Smallville Villains

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Opposite: Michael Rosenbaum as Lex Luthor in TV's Smallville.

Smallville Villains

(pop culture)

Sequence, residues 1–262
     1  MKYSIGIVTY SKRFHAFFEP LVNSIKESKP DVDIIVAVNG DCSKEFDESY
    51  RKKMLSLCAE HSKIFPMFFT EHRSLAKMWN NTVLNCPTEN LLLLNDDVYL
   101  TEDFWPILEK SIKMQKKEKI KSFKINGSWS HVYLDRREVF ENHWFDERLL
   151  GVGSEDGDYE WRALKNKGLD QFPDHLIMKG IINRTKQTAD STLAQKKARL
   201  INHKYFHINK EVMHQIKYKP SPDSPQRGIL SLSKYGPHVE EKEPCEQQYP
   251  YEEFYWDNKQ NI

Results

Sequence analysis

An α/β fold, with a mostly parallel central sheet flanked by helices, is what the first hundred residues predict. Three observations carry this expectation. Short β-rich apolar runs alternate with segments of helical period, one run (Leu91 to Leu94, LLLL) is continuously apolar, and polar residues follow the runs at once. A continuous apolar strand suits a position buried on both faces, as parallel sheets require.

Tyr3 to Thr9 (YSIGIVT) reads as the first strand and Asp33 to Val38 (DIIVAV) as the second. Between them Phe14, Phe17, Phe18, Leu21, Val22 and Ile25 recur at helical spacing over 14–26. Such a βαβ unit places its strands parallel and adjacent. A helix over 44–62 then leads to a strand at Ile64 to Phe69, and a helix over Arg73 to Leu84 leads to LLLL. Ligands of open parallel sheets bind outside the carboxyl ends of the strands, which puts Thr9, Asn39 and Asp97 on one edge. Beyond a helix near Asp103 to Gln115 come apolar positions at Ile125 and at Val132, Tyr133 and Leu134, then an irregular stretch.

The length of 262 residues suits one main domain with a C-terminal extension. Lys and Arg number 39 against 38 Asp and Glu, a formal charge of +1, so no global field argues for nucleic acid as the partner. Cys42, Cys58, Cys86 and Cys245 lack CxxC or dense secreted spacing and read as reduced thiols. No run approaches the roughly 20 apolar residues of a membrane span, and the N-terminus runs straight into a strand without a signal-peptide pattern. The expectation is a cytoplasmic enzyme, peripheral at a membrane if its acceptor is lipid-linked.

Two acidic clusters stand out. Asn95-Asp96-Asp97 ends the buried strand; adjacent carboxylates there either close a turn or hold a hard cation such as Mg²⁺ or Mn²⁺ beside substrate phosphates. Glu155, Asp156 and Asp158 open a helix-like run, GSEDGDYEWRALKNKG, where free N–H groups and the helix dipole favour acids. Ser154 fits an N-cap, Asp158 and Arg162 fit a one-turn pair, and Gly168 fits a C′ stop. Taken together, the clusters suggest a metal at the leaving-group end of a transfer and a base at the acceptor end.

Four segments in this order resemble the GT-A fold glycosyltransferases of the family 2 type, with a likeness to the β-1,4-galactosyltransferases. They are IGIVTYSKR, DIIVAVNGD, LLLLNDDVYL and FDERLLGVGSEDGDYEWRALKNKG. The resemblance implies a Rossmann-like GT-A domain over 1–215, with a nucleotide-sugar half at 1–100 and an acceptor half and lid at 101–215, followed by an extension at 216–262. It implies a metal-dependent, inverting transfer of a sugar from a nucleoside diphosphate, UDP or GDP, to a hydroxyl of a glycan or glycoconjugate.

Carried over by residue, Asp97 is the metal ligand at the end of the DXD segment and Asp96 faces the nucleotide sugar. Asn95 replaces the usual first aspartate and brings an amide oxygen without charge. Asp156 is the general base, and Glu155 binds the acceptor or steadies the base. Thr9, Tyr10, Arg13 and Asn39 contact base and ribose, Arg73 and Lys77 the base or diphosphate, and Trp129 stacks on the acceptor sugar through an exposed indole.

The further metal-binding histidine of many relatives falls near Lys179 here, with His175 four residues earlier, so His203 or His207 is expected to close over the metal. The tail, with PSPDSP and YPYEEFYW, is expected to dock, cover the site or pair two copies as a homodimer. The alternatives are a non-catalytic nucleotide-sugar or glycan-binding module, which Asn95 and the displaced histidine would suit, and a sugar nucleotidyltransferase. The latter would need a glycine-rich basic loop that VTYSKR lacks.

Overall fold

When DC Comics gave Jerry Siegel and Joe Shuster's archetypal hero Superman a hitherto unrevealed career as an adolescent crime fighter in More Fun Comics #101 (1944), the character's boyhood town of Smallville had produced few memorable, bona fide supervillains other than mainstay arch-rival Lex Luthor. In the WB network's popular teen drama Smallville (2001–present), however, adversaries of the Last Son of Krypton are legion. Smallville's eponymous Kansas farm town—the boyhood home of Clark Kent—has been portrayed on the large and small screen before—in short “Superboy” animated features made for The New Adventures of Superman (1966–1970), in Richard Donner's 1978 feature Superman: The Movie, in Richard Lester's 1983 sequel Superman III, in the 1988–1992 Superboy syndicated television series, and in ABC's Lois & Clark: The New Adventures of Superman (1993–1997)—but no previous television or film drama has ever examined the town and its denizens, superpowered or otherwise, in such indepth fashion. Powerful villains abound in Smallville, though most possess no superhuman abilities. These include: Lionel Luthor (cast regular John Glover), the ruthless head of LuthorCorp who murdered his parents to gain access to their fortune; Morgan Edge (played by guest stars Rutger Hauer in “Exile” and Patrick Bergin in “Shattered”), an equally cutthroat Metropolis crimelord with a keen interest in young Clark Kent's amazing Kryptonian abilities; Lex Luthor (series regular Michael Rosenbaum), the ne'er-do-well twentysomething son and successor of Lionel Luthor, who engineers the downfall of his hated father, befriends the teenage Clark Kent for ambiguous and perhaps cynical purposes, appears to be a high-tech/corporate supervillain in training as well as a future U.S. president—and may thereby bring about the apocalypse; and Jor-El, Clark Kent's superpowered Kryptonian father, a disembodied presence who visited Earth some forty years earlier and now tries to force Kal-El to conquer and rule Earth (“Phoenix”; “1961”; “Velocity”; “Legacy”; “Covenant”; “Commencement”). In 2005 the super-intelligent Brainiac, in the person of Clark Kent's college professor Milton Fine (portrayed by James Marsters, who played the ambiguously noble vampire Spike on Buffy the Vampire Slayer and Angel), joined the ever-expanding rogues' gallery of Smallville's proto- Superman. Then come the other, far-more-ubiquitous Smallville villains, those who owe their suddenly superpowered existence to the shower of green meteors that devastated the town in 1989. The glowing green kryptonite rocks deposited across Smallville that day constitute the mortal remains of the shattered homeworld of young Kal-El/Clark Kent (played with superb heroic innocence by Tom Welling), whose small spaceship not coincidentally landed in a Smallville cornfield that same day. Those phosphorescent meteor fragments also fuel the all-but-routine supervillainy that proliferates in present-day Smallville; it is no small irony that the same distant, doomed planet that birthed the teen who will be Superman also spawns new adversaries for him on an almost weekly basis some sixteen years later. Although green kryptonite can kill Kent—the far rarer red variety merely turns him into a brutal, narcissistic teen delinquent (“Red”; “Rush”; “Exile”; “Unsafe”)—exposure to the alien material's mutagenic radiation can confer superhuman abilities of various sorts upon ordinary humans, many of whom are adolescents. Indeed, kryptonite- mediated teen metamorphoses are arguably allegorical references to the anxiety stemming from the rapid physical and emotional changes experienced by high school kids. In a nod to the pitfalls of puberty, so many of these kryptonite-powered people prove to be irresponsible with their newfound gifts—powers that include controlling swarms of insects (“Metamorphosis”; “Drone”), telekinesis (“Crush”), teleportation (“Obsession”; “Unsafe”; “Pariah”), the ability to manipulate the laws of probability (“Jinx”) and emotions (“Magnetic”), and even the power to turn sexually het-up adolescent boys into hormonecrazed assassins (“Heat”)—that Smallville High's student newspaper editor Chloe Sullivan (Allison Mack) has enshrined stories about them on a “Wall of Weird.” Smallville's most serious weakness may be that format and continuity demand that most of Clark Kent's adversaries—especially those who witness him using his powers—must share one of two possible fates: death or amnesia. Were it otherwise, the (mostly) well-kept secret of Clark's superhuman abilities and extraterrestrial origins would doubtless spread far and wide, thereby ruining the destiny that must someday lead Smallville's callow young Kent to become the protector of Metropolis and the world. In a modern example of comics imitating live-action imitating comics, Smallville's kryptonite-generated villains—along with the likenesses of the show's cast—have spilled back onto DC's sequential art pages in a Smallville comic-book series (2003–2005) that featured original stories by writer Mark Verheiden (author of numerous Smallville television scripts). Meanwhile, Smallville's pageant of kryptonite-powered villains continues. In the pages of the early 1970s comics, every chunk of kryptonite on Earth was once destroyed, a development that turned out to be only temporary. In Smallville, only another such unlikely eventuality seems capable of stemming the tide of emergent small-town supervillainy.